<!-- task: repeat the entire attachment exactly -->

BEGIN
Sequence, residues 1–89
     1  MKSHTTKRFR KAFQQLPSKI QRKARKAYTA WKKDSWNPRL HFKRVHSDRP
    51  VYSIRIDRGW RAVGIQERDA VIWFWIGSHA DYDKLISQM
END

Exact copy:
Sequence, residues 1–89
     1  MKSHTTKRFR KAFQQLPSKI QRKARKAYTA WKKDSWNPRL HFKRVHSDRP
    51  VYSIRIDRGW RAVGIQERDA VIWFWIGSHA DYDKLISQM